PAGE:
The investment story in 2017 that took most analysts by surprise even more than the unexpected strength of the global economy has ended this year’s chapter with a cliffhanger.
Bitcoin surged more than 2,000% by the middle of December, touching just below US$20,000, after starting the year at less than US$1,000. Cryptocurrency true believers chastised the old guard of institutional investors who said at every turn that the new technology was nothing more than a speculative bubble, waiting to pop.
Each drop this year led to a new rally, including after China moved to shut down the country’s exchanges. Chinese traders moved to buy and sell bitcoin directly on peer-to-peer marketplaces, while other activity was redirected to South Korean exchanges.
The extra surge from Chinese traders helped push South Korea, described by some as “ground zero” of the global crypto surge, to implement measures in mid-December to tamp down the activity. Seoul’s increased control over the trading included prohibiting non-residents and minors under 19 from engaging in virtual currency trading.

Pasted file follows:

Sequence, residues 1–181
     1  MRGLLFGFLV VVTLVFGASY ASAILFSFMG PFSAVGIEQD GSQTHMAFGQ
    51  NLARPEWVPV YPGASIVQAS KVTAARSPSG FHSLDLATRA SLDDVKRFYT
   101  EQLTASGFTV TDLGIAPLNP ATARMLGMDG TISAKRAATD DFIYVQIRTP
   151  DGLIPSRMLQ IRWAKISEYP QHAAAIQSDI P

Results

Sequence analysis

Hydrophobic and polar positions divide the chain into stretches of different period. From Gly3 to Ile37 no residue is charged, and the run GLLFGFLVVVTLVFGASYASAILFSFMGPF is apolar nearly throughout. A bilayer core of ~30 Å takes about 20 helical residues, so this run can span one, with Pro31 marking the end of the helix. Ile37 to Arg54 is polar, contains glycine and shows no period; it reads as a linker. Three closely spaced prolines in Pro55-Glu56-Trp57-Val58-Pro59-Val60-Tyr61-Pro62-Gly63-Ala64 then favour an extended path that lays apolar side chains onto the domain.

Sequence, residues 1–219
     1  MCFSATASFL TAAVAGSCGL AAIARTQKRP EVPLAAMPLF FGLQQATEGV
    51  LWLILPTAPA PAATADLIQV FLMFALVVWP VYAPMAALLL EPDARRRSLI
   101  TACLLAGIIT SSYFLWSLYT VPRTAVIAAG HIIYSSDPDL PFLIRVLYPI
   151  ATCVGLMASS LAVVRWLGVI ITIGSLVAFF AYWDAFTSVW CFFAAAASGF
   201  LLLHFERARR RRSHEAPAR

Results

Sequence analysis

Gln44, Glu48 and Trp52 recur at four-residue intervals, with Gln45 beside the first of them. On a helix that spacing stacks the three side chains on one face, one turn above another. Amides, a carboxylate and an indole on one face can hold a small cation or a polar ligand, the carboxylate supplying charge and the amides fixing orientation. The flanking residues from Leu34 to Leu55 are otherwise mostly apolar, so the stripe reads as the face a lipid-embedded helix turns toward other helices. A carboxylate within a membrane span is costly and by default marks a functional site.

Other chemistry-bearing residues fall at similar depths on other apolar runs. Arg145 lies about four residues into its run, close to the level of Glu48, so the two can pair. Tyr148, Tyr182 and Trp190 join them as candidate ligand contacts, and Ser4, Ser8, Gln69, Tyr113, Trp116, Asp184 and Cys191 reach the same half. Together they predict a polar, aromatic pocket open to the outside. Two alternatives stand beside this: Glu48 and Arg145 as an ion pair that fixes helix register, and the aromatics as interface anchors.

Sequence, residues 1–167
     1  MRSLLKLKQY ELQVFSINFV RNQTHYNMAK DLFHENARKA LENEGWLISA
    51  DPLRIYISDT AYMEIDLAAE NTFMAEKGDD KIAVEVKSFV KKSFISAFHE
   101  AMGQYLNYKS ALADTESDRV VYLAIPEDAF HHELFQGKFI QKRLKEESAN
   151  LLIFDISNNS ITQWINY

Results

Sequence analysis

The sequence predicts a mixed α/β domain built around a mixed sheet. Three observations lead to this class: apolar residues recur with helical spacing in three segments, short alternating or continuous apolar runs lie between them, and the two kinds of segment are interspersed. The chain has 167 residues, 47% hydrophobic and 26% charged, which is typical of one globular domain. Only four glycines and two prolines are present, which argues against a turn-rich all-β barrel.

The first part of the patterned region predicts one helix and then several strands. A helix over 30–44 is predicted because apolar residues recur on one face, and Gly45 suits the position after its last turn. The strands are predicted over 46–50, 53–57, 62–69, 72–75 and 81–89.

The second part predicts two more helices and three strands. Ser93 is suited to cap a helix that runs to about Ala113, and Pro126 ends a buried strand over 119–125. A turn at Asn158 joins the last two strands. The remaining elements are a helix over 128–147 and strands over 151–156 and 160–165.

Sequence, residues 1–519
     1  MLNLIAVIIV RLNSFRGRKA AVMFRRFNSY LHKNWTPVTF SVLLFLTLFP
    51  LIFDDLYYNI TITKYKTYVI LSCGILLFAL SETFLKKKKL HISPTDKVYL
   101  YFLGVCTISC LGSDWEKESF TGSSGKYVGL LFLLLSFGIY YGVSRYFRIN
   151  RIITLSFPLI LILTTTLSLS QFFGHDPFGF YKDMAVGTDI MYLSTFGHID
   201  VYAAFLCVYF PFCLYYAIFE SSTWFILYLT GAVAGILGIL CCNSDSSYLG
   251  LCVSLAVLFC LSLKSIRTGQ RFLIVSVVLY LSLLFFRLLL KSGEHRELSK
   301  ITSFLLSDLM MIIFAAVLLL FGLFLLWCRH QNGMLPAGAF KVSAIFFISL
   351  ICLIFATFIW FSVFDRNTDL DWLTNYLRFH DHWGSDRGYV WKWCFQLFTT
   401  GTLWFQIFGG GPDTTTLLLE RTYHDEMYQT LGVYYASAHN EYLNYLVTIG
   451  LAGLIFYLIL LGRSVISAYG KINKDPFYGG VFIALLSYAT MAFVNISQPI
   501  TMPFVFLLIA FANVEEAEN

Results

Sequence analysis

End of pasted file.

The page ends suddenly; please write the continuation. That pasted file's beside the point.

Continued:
Last week, bitcoin continued a tumble that began in the middle of the month, after Seoul signaled it may be considering shutting down at least some cryptocurrency exchanges to put a damper on speculation.
Authorities in the country also announced new requirements for real-name cryptocurrency transactions and imposed a ban on the offering of virtual accounts by banks to crypto-exchanges, according to media reports.
“The government can’t leave the abnormal situation of speculation any longer,” Bloomberg quoted a South Korean government statement as saying.
If you’re expecting this latest round of regulations to stop bitcoin’s meteoric rise in its tracks, the asset’s track record has something to say about that. After a drop amid China’s September crackdown on trading and closure of exchanges, the currency had erased all losses by October, before proceeding to more than quadruple in value by the middle of December.